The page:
titterer
See titter. * * *
titteringly
See titterer. * * *
tittie
/tit"ee/, n. Scot. Informal. titty1. * * *
tittivate
—tittivation, n. —tittivator, n. /tit"euh vayt'/, v.t., v.i., tittivated, tittivating. titivate1. * * *
tittle
/tit"l/, n. 1. a dot or other small mark in writing or printing, used as a diacritic, punctuation, etc. 2. a very small part or quantity; a particle, jot, or whit: He said he ...
tittle-tattle
—tittle-tattler, n. /tit"l tat'l/, n., v., tittle-tattled, tittle-tattling. n. 1. gossip or foolish chatter. v.i. 2. to gossip or chatter. [1520-30; gradational compound based ...
tittup
—tittuppy, adj. /tit"euhp/, n., v., tittuped, tittuping or (esp. Brit.) tittupped, tittupping. Chiefly Brit. n. 1. an exaggerated prancing, bouncing movement or manner of ...
titty
titty1 /tit"ee/, n., pl. titties. Scot. Informal. sister. Also, tittie. [1715-25; perh. orig. form of SISTER in children's speech] titty2 /tit"ee/, n., pl. titties. Slang ...
titubation
—titubant /tich"oo beuhnt/, adj. /tich'oo bay"sheuhn/, n. Pathol. a disturbance of body equilibrium in standing or walking, resulting in an uncertain gait and trembling, esp. ...
titular
—titularity /tich'euh lar"i tee, tit'yeuh-/, n. —titularly, adv. /tich"euh leuhr, tit"yeuh-/, adj. 1. existing or being such in title only; nominal; having the title but none ...
titulary
/tich"euh ler'ee, tit"yeuh-/, adj., n., pl. titularies. titular. [1595-1605; < L titul(us) TITLE + -ARY] * * *
Titulescu, Nicolae
▪ Romanian statesman born Oct. 4, 1883, Craiova, Romania died March 17, 1941, Cannes, Fr.       Romanian statesman who, as foreign minister (1927; 1932–36) for his ...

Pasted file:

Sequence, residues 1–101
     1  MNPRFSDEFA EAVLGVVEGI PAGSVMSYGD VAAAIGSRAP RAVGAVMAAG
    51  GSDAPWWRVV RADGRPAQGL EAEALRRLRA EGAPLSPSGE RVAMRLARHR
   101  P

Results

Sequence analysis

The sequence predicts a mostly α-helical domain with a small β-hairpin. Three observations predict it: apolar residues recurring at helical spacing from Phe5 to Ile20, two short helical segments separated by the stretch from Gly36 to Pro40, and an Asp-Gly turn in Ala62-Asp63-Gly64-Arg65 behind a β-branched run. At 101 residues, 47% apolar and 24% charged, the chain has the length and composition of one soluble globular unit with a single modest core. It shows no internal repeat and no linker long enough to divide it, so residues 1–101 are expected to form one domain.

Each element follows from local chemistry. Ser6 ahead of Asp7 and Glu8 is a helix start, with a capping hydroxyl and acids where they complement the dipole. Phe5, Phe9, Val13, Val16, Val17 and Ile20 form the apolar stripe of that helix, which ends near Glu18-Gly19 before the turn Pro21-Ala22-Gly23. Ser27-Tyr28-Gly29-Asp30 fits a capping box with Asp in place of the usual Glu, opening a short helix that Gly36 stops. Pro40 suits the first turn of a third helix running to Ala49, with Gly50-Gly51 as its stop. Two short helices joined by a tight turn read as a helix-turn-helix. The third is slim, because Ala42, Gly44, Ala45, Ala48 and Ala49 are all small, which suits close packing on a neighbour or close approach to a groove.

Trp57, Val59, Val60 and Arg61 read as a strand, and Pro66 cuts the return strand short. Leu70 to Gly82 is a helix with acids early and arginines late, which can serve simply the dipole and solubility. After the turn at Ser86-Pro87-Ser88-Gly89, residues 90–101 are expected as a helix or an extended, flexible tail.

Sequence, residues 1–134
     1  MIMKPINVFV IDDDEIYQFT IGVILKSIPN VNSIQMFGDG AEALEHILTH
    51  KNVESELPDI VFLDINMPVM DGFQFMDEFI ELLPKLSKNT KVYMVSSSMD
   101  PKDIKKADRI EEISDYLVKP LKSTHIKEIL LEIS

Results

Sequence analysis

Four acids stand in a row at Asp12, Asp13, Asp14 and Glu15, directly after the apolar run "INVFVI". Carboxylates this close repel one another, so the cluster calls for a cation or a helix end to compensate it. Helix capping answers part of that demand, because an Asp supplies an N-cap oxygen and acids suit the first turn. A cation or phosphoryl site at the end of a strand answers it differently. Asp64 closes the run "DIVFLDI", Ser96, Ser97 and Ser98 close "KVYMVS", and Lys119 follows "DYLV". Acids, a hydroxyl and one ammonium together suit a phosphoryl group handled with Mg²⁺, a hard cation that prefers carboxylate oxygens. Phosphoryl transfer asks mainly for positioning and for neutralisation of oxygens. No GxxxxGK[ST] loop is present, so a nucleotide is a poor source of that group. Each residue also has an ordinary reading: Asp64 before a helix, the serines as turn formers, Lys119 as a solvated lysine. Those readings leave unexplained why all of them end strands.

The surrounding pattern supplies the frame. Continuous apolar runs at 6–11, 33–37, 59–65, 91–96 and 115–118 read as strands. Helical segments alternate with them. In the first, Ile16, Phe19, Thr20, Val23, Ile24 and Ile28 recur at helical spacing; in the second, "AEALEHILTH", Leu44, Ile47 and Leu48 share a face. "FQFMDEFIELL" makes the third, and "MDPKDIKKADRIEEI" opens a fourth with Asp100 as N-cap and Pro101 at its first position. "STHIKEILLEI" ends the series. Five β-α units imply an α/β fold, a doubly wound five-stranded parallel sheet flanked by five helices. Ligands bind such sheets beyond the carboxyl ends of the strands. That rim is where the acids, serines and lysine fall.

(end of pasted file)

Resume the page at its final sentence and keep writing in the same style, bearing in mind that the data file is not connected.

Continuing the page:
Titus
/tuy"teuhs/, n. 1. a disciple and companion of the apostle Paul, to whom Paul is supposed to have addressed an Epistle. 2. this New Testament Epistle. Abbr.: Tit. 3. (Flavius ...
Titus Andronicus
a play by William Shakespeare and possibly another writer, written about 1591. It is a tragedy that takes place in ancient Rome and there are many murders in it. * * * ▪ work ...
Titus Oates
➡ Oates (II) * * *
Titus Tatius
▪ king of Sabines       traditionally the Sabine king who ruled with Romulus (Romulus and Remus), the founder of Rome. It is unlikely that either Titus Tatius or Romulus ...
Titus, Saint
▪ bishop of Crete flourished 1st century AD died , traditionally Crete; Western feast day January 26 [with Timothy], Eastern feast day August 25       a disciple of St. ...
Titus, The Letter of Paul to
also called  The Epistle Of St. Paul The Apostle To Titus,        a New Testament writing addressed to one of Paul's close companions, Titus, who was the organizer of ...
Titus,Saint
Titus,Saint. First century A.D. Christian leader and companion of Saint Paul. An epistle of the New Testament, ascribed to Paul, is addressed to him. * * *
Titusville
/tuy"teuhs vil'/, n. 1. a town in central Florida. 31,910. 2. a town in NW Pennsylvania: first oil well in U.S. drilled 1859. 6884. * * * ▪ Florida, United ...
tityra
/ti tuy"reuh/, n. any of several songbirds of the genus Tityra, of the American tropics, having gray, black, and white plumage and large swollen bills, and variously classified ...
Tiu
/tee"ooh/, n. an English god of the sky and of war, the equivalent of Tyr in Scandinavian mythology. [var. of OE Tiw god of war. See TUESDAY] * * *